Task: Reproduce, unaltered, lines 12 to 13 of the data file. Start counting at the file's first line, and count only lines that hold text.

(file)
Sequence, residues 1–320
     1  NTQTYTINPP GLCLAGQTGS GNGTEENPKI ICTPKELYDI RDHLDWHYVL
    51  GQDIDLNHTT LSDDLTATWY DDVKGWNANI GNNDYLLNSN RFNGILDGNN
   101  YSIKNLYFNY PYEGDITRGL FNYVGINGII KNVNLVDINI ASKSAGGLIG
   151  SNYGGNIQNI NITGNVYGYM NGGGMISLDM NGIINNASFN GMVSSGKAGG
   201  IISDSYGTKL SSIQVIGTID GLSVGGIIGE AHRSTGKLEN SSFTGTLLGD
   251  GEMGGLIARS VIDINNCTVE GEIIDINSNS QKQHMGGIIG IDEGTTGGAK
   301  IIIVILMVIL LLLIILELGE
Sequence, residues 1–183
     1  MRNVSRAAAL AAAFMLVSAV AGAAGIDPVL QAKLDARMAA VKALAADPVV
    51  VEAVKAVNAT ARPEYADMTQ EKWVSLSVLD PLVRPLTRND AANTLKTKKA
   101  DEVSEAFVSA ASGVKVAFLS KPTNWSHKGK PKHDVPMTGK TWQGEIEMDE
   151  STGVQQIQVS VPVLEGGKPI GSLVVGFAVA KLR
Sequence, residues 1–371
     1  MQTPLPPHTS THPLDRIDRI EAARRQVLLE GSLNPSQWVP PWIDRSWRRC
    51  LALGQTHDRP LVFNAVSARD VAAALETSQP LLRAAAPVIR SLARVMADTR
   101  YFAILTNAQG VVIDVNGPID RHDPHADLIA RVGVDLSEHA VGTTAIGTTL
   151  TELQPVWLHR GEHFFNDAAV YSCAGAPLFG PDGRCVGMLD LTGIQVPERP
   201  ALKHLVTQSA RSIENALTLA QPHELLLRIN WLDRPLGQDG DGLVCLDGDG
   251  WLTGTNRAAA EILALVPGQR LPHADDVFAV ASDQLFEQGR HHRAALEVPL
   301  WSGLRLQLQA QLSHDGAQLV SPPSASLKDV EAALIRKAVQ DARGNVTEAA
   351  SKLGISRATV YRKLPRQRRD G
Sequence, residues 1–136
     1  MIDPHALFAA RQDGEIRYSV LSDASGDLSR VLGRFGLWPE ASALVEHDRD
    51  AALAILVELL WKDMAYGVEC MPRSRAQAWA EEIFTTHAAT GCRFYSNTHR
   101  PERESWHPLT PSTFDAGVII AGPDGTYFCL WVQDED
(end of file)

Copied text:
   101  DEVSEAFVSA ASGVKVAFLS KPTNWSHKGK PKHDVPMTGK TWQGEIEMDE
   151  STGVQQIQVS VPVLEGGKPI GSLVVGFAVA KLR